Review: ‘Dancing in the Baron’s Shadow’ by Fabienne Josaphat

DANCING IN THE BARON’S SHADOW. Fabienne Josaphat. Unnamed Press. 256 pages. $16 in paper.
DANCING IN THE BARON’S SHADOW. Fabienne Josaphat. Unnamed Press. 256 pages. $16 in paper.

Fabienne Josaphat’s Dancing in the Baron’s Shadow is an ambitious and impressive first novel, a love letter to Haiti and its people, a tale of two brothers who repeatedly manage to find their way back to each other — and to redemption,

The novel is set in Haiti in 1965, during the repressive and brutal regime of François Duvalier, aka Papa Doc, aka Baron Samedi. The working poor are increasingly destitute. The populace at large is kept in check by measures such as nightly curfews and the menacing Tonton Macoute, Papa Doc’s militia. Speaking out is a death sentence.

Against this backdrop, we meet brothers Raymond and Nicolas L’Eveillé. Raymond is a taxi driver, proud of his lifelong propensity for hard labor. His younger brother Nicolas is a law professor so averse to getting his hands dirty that when the boys were growing up on their family’s farm, at harvest time Nicolas would refuse to put his feet in the mud. Instead, he would read, earning vicious beatings from their father. One might suppose Nicolas would adjust his behavior after the first or second time — he’s purportedly a brilliant student — but he doesn’t. Many times Raymond stays up all night, “tending to welts on his brother’s body.” But did Nicolas thank him? Reader, he did not. Instead, he taunted Raymond for his inability to read.

By the time the brothers are in their 30s, they have escaped the family farm for Port-au-Prince, but they remain enmeshed in their family dynamic, with Nicolas clearly disdainful of Raymond’s poverty. In the opening pages of this plot-driven novel, each brother is thrust into action shaped by the oppressive political realities. We meet Raymond behind the wheel of his taxi, and within minutes he is careening through the narrow streets of Port-au-Prince, Macoutes on his tail, with a fugitive with wife and infant cowering in the back seat.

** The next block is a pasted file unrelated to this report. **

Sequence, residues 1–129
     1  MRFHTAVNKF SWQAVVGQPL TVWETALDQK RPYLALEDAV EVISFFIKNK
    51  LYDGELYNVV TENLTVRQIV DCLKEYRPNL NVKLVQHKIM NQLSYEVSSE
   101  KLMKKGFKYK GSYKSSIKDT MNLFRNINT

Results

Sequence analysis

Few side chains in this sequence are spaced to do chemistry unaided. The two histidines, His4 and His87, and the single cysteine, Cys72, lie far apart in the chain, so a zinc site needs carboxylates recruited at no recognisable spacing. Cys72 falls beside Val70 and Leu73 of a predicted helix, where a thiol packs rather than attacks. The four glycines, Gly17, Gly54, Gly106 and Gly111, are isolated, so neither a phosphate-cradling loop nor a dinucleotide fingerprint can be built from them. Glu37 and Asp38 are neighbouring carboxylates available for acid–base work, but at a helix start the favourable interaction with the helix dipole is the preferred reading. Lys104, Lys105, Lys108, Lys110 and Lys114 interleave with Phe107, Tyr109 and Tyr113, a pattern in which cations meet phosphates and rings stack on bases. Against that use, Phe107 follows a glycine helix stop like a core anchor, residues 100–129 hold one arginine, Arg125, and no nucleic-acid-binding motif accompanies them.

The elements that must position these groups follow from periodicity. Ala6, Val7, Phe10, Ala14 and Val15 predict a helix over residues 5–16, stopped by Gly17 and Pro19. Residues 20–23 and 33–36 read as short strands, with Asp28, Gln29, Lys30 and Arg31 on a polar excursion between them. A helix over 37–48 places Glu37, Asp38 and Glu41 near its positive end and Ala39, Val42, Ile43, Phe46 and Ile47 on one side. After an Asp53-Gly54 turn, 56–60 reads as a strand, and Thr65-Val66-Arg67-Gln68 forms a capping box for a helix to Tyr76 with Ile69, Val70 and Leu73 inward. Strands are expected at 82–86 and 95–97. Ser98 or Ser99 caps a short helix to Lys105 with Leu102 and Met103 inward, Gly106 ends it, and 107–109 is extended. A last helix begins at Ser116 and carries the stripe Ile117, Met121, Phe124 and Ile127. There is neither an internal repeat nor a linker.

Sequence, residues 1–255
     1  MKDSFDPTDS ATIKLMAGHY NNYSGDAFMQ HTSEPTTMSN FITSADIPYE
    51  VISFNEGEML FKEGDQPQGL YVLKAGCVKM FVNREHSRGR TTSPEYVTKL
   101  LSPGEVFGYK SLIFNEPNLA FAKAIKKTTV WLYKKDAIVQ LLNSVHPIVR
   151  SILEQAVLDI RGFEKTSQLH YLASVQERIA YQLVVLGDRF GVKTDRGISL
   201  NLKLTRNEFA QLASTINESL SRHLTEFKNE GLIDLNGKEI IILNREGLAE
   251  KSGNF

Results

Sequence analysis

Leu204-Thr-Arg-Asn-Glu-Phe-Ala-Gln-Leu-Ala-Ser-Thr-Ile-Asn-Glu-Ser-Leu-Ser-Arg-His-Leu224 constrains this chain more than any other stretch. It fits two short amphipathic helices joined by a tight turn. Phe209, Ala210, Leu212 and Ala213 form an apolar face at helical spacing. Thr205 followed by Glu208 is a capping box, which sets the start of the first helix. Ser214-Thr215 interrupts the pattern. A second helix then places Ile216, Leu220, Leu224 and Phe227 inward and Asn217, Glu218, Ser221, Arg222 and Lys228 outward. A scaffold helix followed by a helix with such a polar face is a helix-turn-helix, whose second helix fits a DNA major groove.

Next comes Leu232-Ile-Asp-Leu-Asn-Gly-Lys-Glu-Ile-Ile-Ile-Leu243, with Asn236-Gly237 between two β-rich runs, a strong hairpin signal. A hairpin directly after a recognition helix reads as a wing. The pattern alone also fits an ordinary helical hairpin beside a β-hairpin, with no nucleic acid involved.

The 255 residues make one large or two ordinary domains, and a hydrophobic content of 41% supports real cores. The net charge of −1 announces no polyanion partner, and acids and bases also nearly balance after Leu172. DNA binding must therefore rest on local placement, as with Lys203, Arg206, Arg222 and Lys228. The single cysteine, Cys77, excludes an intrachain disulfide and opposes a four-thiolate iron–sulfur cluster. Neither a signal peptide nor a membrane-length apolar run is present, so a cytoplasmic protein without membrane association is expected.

Raymond, in the moment of deciding whether to allow the terrified family into his cab, had one thought: “What kind of man was he?” As we quickly learn, he is the type who unlocks the car door and then expertly propels his aging Datsun through the obstacle course of the city until he delivers his cargo to safety.

We soon meet Nicolas. The scene is in his office with two old and venerable friends, but the action is no less intense. Nicolas has written a manuscript exposing aspects of Papa Doc’s regime and has summoned his friends to help him publish the work. Apparently, despite the topic of his exposé, he doesn’t grasp the potential harm to himself, his family or his friends, although all are only too happy to enlighten him. “To ask us to help you with this — it isn’t just madness, it’s callous disregard for everyone’s safety,” his friend Georges tells him.

Nicolas, however, remains oblivious but committed. He regularly courts danger in the classroom as well, coming precipitously close to denouncing the regime during his lectures. “Resignation sickened him” is all we are told regarding his motivations.

The expected happens: Raymond’s wife leaves him, decamping with the children to Miami because they are starving in Haiti and better days are not on the horizon. A few days later, Nicolas is arrested. (The first rule of writing an anarchist manuscript is: Don’t show your friends your hiding spot.) Raymond escorts Nicolas’ wife and infant to safety, then hatches a plan to rescue Nicolas from Fort Dimanche, the torture-chamber prison where he’s been detained and is scheduled for execution.

As the novel unfolds, the brothers confront unspeakable brutality and deplorable conditions, and find within themselves an immense determination to survive. While Josaphat’s descriptions of the conditions within the prison are vivid, she is not as strong at conveying the characters’ inner lives. We never really understand either brother. Although we can ascribe Raymond’s heroism to the fact that Josaphat sets him up as a saintly figure, Nicolas remains a cipher.

The suspense is well-maintained throughout, though one does wish for better editing at times. There is a fair amount of repetition thematically and on the sentence level, and the writing can be uneven and prone to clichés.

But there are many instances where the prose is vivid and lovely, beginning on the first page where we are introduced to the realities of the regime through the paper bills that Raymond is counting: “Even on faded paper, the president’s eyes were accusing, spying on him through thick-rimmed glasses.” Josaphat, a local writer whose poetry was featured in Eight Miami Poets (published by Jai-Alai Books), has written a heartfelt and thought-provoking novel that grapples with serious issues.

Andrea Gollin is a writer in Miami.

Meet the Author

Who: Fabienne Josaphat

When: 8 p.m. Feb. 12

Where: Books & Books, 265 Aragon Ave., Coral Gables

Info: 305-442-4408 or